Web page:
Creating a positive emotional response in patients is key to creating a strong brand for a dental office.  If a patient has a positive emotional response when they think of their dentist they are less likely to cancel an appointment and more likely to refer their family and friends.  Both activities have a direct, positive impact on the practice’s bottom-line.

Contrary to popular belief a logo isn’t a brand.  A logo is merely a symbolic representation of a brand.  A logo by itself cannot build the positive emotional response that will drive people to purchase a good or service.  Only once the emotional association is established will a logo stimulate a positive emotional response in a patient.

The interior space of a dental office is a critical component in creating a strong, positive emotional response in patients.  The dental office designer needs to work hand-in-hand with the marketing consultant to build strong linkages and associations between the interior design of the space and the other marketing pieces so they all work in tandem to reinforce the positive emotional response that patients receive while visiting their dental office.  In other words, the brand.

Don’t Forget the Lights

Posted on: November 15th, 2013 by James Kuester No Comments
LEDs creating a dramatic effect in this shower floor

LEDs creating a dramatic effect in this shower floor

The first element of Interior Branding consists of three components that work in sync to create the immediate visual impact of the brand: color, light, and texture.  Of these, the one that often gets neglected in typical dental office designs is light.  So often, we see office where a contractor has merely purchased Big Box brand fluorescent fixtures and incandescent cans and thrown them about the ceiling grid assuming this covers the lighting sufficiently.  This approach may save a few dollars but it does nothing for creating good dentistry, sculpting a branding message, or reducing energy costs.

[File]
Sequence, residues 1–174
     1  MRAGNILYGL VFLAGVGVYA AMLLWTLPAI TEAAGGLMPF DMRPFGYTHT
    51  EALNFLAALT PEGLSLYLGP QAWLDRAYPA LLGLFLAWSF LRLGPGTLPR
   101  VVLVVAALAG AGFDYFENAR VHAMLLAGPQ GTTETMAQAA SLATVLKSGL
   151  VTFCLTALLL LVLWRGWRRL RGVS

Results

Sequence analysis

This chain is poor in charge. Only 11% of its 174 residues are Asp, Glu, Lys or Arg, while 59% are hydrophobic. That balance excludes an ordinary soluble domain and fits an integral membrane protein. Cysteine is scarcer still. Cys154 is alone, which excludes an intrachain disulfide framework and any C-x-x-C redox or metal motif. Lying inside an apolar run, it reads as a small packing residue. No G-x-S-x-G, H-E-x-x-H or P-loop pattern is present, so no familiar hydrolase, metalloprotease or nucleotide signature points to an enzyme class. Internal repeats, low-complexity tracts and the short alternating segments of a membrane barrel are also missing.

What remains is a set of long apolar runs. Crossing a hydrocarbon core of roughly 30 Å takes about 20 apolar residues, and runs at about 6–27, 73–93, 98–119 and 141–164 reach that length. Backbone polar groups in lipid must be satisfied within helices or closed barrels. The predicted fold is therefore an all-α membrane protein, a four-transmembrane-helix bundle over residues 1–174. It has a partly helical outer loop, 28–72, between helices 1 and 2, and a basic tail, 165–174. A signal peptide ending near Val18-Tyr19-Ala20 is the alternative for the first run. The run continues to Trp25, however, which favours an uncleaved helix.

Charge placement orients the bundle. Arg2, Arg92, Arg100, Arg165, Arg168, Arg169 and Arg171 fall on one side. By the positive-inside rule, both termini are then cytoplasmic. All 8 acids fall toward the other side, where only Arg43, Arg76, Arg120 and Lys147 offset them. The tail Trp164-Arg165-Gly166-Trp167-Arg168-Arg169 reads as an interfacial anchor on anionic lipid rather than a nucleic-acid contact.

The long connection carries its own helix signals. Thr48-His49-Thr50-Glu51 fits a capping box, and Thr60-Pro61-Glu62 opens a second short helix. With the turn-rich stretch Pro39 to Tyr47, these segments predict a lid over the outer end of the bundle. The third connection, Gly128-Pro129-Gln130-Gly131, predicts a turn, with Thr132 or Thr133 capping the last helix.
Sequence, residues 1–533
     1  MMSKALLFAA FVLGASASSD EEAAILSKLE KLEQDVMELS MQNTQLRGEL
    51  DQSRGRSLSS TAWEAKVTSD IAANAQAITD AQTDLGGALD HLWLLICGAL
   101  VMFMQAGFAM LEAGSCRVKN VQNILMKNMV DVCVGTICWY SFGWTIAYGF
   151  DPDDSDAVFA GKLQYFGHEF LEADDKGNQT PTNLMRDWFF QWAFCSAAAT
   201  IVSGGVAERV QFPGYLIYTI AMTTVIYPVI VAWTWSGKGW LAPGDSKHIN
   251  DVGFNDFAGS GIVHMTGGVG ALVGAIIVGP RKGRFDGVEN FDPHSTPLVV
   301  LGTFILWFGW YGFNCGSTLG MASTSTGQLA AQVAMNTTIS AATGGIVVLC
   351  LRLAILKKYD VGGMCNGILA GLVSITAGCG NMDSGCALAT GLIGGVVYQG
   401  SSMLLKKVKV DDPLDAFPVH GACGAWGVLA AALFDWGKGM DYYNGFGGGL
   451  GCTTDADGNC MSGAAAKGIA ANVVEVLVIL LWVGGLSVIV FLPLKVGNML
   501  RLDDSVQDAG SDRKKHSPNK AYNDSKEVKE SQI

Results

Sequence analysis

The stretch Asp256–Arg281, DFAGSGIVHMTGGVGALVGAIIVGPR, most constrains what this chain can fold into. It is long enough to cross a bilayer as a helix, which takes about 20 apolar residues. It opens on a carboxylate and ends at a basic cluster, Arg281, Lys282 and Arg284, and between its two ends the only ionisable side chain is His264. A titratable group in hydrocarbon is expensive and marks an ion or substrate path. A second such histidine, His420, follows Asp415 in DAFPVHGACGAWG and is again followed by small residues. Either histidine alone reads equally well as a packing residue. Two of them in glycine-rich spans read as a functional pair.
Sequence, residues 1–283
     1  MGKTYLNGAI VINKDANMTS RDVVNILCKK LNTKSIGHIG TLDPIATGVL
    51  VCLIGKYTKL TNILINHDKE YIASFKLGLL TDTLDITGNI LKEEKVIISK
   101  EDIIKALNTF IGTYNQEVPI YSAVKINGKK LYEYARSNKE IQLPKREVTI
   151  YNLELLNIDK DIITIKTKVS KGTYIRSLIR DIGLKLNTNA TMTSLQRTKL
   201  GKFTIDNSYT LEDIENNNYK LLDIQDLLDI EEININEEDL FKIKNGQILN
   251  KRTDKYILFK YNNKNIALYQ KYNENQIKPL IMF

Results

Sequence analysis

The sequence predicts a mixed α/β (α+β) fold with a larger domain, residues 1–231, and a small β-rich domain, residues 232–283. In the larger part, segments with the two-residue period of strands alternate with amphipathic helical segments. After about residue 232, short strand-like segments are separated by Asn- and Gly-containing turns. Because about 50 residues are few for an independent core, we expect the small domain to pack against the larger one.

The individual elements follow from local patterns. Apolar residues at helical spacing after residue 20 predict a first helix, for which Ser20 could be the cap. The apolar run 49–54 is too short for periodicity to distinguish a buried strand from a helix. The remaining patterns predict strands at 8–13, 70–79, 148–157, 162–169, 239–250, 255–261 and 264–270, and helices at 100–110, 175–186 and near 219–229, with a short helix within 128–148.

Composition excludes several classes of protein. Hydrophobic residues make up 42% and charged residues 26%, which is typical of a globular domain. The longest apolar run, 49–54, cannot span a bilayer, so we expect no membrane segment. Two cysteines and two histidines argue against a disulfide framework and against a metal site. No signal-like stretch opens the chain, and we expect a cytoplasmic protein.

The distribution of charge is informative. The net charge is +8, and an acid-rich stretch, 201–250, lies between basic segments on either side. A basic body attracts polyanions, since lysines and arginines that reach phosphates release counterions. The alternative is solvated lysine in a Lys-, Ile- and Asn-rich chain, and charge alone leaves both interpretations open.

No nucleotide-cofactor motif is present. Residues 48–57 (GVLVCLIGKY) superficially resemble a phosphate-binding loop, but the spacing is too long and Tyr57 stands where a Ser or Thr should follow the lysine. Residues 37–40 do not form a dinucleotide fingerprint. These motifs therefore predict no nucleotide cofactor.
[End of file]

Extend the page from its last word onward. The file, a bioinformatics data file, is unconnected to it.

To create good dentistry the lamps (bulbs) used in the operatories and other areas where color matching is critical need to be at least 3500 Kelvin or higher.  One wants to see things in true color and the proper color spectrum of the light emitted is key to this.  I can just imagine a dentist would not get many referrals if after fitting a patient with a crown the patient goes home, looks in the mirror and finds that the crown doesn’t match her natural teeth at all.

To reduce energy costs and create a healthier planet one needs to be using LED throughout the dental office design.  LED technology has advanced rapidly and the full spectrum of lighting is now available in this energy saving form.  Using only about 15% of a conventional incandescent bulb, LED definitely will bring down the electric bill each month.

For sculpting the branding message lighting is like the icing on the cake.  The colors and textures set the background palate but without proper lighting these elements won’t come alive as they should.  The lighting creates the drama that the colors and texture have within them.

The Road Less Straight – Building A Dental Brand that Departs from the Typical

Posted on: November 11th, 2013 by James Kuester No Comments
Do you take the path less straight?

Do you take the path less straight?

One of the biggest challenges of any dental office is figuring out how to differentiate from the competing offices across the street and around the corner.  There was a trend a few years ago to leave traditional dental office spaces and venture into strip malls and spaces reserved traditionally for retail businesses.  The freestanding building is still a popular option, but gone seem to be the days when a dentist buys an old house and converts it into the dental office.  This type of office design just doesn’t resonate with patients and makes one’s brand seem old-fashioned and stuffy.